Last month's index was downwardly revised from 118.9 to 117.3.
Consumer confidence in the US unexpectedly improved in the month of July, according to a report released by the Conference Board on Tuesday.
There was a less favourable trend in expectations of income prospects with a small decline in the number of respondents expecting an improvement in incomes over the next 6 months.
A four-month high in USA consumer confidence reflects Americans' sunnier views on both their current situation and outlook, a positive sign for the economy, data from the New York-based Conference Board showed Tuesday.
Federal Reserve Chairwoman Janet Yellen said in her congressional testimony earlier this month that she has "a reasonable level of confidence that the expansion can continue" and that with respect to consumer debt, "households are generally in a stronger position".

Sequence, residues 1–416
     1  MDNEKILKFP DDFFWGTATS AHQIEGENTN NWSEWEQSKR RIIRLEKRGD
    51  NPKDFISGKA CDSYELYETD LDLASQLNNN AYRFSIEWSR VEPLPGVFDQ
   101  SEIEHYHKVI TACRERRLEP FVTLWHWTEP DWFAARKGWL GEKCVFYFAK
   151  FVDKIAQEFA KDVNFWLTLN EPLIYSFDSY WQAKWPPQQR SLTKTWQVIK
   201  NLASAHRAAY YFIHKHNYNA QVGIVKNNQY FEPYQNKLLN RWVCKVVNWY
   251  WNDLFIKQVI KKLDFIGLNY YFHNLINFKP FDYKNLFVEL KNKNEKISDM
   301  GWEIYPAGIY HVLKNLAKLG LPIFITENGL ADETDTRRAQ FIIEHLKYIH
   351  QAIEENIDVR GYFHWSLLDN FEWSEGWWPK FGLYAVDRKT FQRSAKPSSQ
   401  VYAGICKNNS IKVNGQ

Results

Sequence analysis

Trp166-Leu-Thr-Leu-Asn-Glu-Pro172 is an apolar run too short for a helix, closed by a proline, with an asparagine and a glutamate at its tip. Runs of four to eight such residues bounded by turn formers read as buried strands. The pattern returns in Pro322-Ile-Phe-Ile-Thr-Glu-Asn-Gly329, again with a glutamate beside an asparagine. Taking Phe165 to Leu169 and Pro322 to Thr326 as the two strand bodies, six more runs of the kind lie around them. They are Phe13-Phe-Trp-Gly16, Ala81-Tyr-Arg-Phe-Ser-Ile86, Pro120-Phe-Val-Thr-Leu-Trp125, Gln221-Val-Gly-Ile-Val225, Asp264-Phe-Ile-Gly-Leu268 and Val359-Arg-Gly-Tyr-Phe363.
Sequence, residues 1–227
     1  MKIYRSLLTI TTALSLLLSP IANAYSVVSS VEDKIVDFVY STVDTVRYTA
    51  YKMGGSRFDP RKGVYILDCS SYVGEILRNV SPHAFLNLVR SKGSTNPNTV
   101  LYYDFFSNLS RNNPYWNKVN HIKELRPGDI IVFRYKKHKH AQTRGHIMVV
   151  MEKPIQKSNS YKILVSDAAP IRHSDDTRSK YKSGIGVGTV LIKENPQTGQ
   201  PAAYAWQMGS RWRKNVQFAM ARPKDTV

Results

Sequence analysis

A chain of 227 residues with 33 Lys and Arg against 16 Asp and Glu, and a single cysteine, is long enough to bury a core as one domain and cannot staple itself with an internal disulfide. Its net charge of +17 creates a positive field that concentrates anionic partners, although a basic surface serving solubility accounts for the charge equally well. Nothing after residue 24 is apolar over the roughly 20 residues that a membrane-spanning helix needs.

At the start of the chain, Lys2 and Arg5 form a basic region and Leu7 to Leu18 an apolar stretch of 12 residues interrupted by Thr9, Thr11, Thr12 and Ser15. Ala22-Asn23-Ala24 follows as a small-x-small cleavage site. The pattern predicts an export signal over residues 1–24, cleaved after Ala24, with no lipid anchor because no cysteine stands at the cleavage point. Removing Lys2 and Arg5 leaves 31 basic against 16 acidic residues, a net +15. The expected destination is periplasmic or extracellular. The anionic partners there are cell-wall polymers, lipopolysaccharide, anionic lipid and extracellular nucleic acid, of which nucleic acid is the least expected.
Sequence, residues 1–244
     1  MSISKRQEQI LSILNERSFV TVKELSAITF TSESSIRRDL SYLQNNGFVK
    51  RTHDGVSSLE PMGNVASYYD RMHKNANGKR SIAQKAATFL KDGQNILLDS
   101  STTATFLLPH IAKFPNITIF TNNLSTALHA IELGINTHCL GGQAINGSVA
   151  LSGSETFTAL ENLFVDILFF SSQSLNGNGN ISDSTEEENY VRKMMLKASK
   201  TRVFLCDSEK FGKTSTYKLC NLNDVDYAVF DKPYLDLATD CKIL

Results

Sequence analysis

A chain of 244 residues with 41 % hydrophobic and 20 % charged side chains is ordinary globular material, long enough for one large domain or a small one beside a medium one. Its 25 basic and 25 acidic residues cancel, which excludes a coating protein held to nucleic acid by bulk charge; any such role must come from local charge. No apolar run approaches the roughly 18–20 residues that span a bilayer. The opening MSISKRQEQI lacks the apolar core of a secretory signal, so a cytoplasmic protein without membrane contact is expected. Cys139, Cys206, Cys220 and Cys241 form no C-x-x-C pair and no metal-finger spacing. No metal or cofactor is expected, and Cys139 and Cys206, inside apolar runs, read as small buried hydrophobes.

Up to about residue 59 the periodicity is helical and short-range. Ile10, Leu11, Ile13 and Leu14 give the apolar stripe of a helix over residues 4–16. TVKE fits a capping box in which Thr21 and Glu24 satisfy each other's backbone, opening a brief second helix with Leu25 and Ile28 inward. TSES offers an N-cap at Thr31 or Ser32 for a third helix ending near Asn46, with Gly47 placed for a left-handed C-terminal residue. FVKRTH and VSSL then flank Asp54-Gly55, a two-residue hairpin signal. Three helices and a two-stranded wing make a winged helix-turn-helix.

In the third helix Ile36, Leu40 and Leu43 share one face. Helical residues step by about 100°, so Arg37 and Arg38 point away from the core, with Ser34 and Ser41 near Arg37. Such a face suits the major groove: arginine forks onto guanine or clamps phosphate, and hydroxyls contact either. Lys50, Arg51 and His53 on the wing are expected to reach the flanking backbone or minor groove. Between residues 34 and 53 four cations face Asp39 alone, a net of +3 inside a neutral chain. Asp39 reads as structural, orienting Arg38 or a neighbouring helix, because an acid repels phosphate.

Still, consumer confidence was buoyed by an improving labor market.
Consumers felt slightly more positive about the current situation, with the share of those saying business conditions were "good" rising 2.7 points to 33.3 per cent. The share of those who called conditions "bad" held steady at 13.5 percent. Those who said jobs are "hard to get" fell four-tenths of a point to 18 percent.
Economists follow these surveys on the basis that an increase in optimism should translate into increased consumer spending.
Survey respondents were also more optimistic about the short-term, with the percentage of consumers expecting business conditions to improve in the next six months rising 2.8 points to 22.9 per cent. Income expectations dipped, as 20.0% of consumers expected their incomes to increase in coming months, down from 20.9% in June.